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The History Of Subway Tile

By Melissa Colabella

subway tile 2

Subway tile lines the walls of New York’s old City Hall subway station, which opened in 1904. Image from the Library of Congress

You may know that subway tiles received their eponymous name after the distinctive 3″ x 6″ was selected as the choice design by George C. Heins and Christopher Grant La Farge who designed the very first station of New York’s then brand-new subway in 1904.

Heins and LaFarge were participants in the Arts and Crafts Movement, and wanted a design beyond a simple ceramic motif for the subway tunnels of New York City. They wanted to create the image of cleanliness while also combining alluring artistry that was the style of the time so they embellished the linear tile with decorative mosaics.

Tiles, which are relatively easy to clean, had been embraced in the 19th century Victorian era and were a hygienic design solution for the new subway with the added benefit of light reflectancy. The white glazed tiles helped to reflect sparse light in the subterranean space.

Heins and La Farge may have become famous for the 3″ x 6″ but they didn’t invent the style and they weren’t the only designers decorating the public spaces of NYC with these linear shapes. Rafael Gaustavino, a Spanish architect and builder patented the Gaustavino “Tile Arch System” in 1885.

Gaustavino tile

Wikipedia – Gaustovino Tile

Guastavino vaulting is a technique for constructing robust, self-supporting arches and architectural vaults using interlocking terracotta tiles and layers of mortar to form a thin skin, with the tiles following the curve of the roof. Guastavino tile is found in some of New York’s most prominent Beaux-Arts landmarks and in major buildings across the United States. The Guastavino terracotta tiles are standardized, less than an inch (25 mm) thick, and approximately 6″ by 12″ across. They are usually set in three herringbone-pattern courses with a sandwich of thin layers of Portland cement. Unlike heavier stone construction, these tile domes could be built without centering.

Victor Horta, a Belgian architect and a leading influencer of Art Nouveau in Belgium designed the dining room of his house, Ixelles (1898), now the Horta museum, with white enameled “wall-bricks” to create a warm, elegant and unpretentious interior. That’s right, they were “wall-bricks” before they were “subway tile.”


These white enameled bricks covering the walls instead of wallpaper were an especially unusual feature for the time. For the floor covering, Horta chose, not carpeting, but wood parquet with a border of mosaic with copper inlay, to echo the clear cut linear motifs of the painted iron work arch supports. It is believed that his interior tile mimicked the style of exterior buildings, in an effort to blend organic forms and soft lines.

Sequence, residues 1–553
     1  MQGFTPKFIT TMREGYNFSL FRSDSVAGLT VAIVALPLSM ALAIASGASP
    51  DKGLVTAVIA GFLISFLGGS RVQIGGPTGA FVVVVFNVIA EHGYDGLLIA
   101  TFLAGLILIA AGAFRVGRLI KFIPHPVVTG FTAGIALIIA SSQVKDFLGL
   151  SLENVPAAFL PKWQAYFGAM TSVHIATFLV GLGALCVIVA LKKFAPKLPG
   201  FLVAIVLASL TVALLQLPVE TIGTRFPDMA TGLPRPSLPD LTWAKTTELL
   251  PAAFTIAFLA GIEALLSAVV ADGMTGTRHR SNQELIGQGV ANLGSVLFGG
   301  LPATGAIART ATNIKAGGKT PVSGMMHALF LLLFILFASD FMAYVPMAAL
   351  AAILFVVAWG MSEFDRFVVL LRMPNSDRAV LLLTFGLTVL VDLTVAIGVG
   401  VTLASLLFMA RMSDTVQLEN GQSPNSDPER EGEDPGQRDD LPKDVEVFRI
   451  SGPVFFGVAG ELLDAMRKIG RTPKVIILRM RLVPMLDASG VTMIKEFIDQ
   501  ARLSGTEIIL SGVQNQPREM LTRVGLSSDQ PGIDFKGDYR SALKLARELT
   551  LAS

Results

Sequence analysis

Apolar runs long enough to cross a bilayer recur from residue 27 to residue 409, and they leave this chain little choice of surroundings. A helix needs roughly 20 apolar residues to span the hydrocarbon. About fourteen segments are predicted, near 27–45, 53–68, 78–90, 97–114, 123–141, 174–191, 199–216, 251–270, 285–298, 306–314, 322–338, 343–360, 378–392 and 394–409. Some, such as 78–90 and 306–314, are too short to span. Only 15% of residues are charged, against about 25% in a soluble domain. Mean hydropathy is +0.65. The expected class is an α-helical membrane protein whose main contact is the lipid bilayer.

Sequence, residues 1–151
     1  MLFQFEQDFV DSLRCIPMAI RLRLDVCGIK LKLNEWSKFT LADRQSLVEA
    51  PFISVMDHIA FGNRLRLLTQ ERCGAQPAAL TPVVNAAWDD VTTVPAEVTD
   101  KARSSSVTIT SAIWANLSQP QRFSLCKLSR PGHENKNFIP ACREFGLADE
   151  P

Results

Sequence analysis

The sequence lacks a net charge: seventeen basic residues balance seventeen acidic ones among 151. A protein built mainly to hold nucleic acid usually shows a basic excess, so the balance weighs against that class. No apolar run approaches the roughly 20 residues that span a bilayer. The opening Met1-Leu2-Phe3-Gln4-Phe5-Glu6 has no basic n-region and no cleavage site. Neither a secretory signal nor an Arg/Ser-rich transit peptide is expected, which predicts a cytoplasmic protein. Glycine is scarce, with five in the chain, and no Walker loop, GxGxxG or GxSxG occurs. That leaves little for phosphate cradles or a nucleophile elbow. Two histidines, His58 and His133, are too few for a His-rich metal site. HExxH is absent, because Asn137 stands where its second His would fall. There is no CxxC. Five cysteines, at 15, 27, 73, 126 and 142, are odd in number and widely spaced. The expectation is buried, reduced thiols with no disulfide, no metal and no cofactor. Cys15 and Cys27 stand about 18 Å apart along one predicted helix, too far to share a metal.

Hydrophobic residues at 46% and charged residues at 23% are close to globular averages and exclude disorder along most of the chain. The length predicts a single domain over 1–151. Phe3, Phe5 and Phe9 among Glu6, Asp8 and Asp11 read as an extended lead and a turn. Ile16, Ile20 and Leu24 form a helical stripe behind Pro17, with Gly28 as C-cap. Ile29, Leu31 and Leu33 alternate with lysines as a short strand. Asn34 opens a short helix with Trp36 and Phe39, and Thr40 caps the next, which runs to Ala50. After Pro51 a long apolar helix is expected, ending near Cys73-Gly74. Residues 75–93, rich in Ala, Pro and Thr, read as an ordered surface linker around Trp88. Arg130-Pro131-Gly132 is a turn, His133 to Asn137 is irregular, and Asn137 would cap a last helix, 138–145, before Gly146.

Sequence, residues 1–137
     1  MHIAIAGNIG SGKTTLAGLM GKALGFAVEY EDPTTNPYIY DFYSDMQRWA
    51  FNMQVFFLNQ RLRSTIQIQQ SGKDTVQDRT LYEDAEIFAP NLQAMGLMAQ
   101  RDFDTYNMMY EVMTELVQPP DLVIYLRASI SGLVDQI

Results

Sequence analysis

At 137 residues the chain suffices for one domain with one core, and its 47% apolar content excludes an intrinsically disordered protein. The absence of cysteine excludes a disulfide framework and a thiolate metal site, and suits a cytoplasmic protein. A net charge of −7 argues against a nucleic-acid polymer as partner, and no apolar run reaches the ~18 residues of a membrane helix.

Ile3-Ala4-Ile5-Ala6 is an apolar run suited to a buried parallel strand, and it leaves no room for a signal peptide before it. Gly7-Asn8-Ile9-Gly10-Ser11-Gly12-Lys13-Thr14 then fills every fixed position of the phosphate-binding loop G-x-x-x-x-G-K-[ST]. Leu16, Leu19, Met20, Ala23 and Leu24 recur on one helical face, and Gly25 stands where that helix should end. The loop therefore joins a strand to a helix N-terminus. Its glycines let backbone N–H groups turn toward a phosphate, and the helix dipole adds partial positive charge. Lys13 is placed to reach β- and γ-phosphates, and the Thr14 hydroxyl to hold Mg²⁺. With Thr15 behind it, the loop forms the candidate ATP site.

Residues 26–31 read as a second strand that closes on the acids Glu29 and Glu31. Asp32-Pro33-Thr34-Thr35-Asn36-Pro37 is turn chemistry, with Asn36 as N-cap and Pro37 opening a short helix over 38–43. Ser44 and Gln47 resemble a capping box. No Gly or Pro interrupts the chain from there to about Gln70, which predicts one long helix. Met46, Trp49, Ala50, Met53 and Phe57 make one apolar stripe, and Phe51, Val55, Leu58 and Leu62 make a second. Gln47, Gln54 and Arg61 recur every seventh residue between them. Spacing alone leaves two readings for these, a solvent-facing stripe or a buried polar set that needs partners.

In many ways, the trends we see today originated over 100 years ago although today the application that has become an overdone trend is less sophisticated, lighter, and mass produced (also more affordle). Horta’s Art Nouveau style was influenced by William Morris, a British icon for the Arts & Crafts movement who valued honest craftsmanship and artistic presence. Arts & Crafts can be considered the most important design reform movement to affect interiors in the nineteenth century. His own influences can be traced backed to medieval times, before the European industrial revolution in the second half of the eighteenth century.

If you consider the history, “subway tile” doesn’t seem so trendy, does it? This pedigreed tile never “came back” because it never went away. So why is it everywhere?

Following the debut of subway tile in NYC, it began to appear in all kinds of interiors, including commercial interiors. There’s in implication of NY metropolitan style now in the subway tile motif that is a modern sentiment. There’s also a bit of nostalgia that speaks to a more elegant time.

The mass production of “subway tile” as we know it is exactly the opposite of the inventors intentions. What was intended to be an elegant look can now look cheap, a first choice for house flippers and DIY-ers. Yet as with all design, current aesthetic is influenced by past aesthetic and disputably, good design can be a contemporary evolution of the past. So how do we align the design philosophy that was intended for subway tile without it looking cheap?

For designophiles who want to pay homage to the arts and crafts origination, below are some derivatives of subway tile that stay true to the form, pattern and linearity but with a contemporary twist.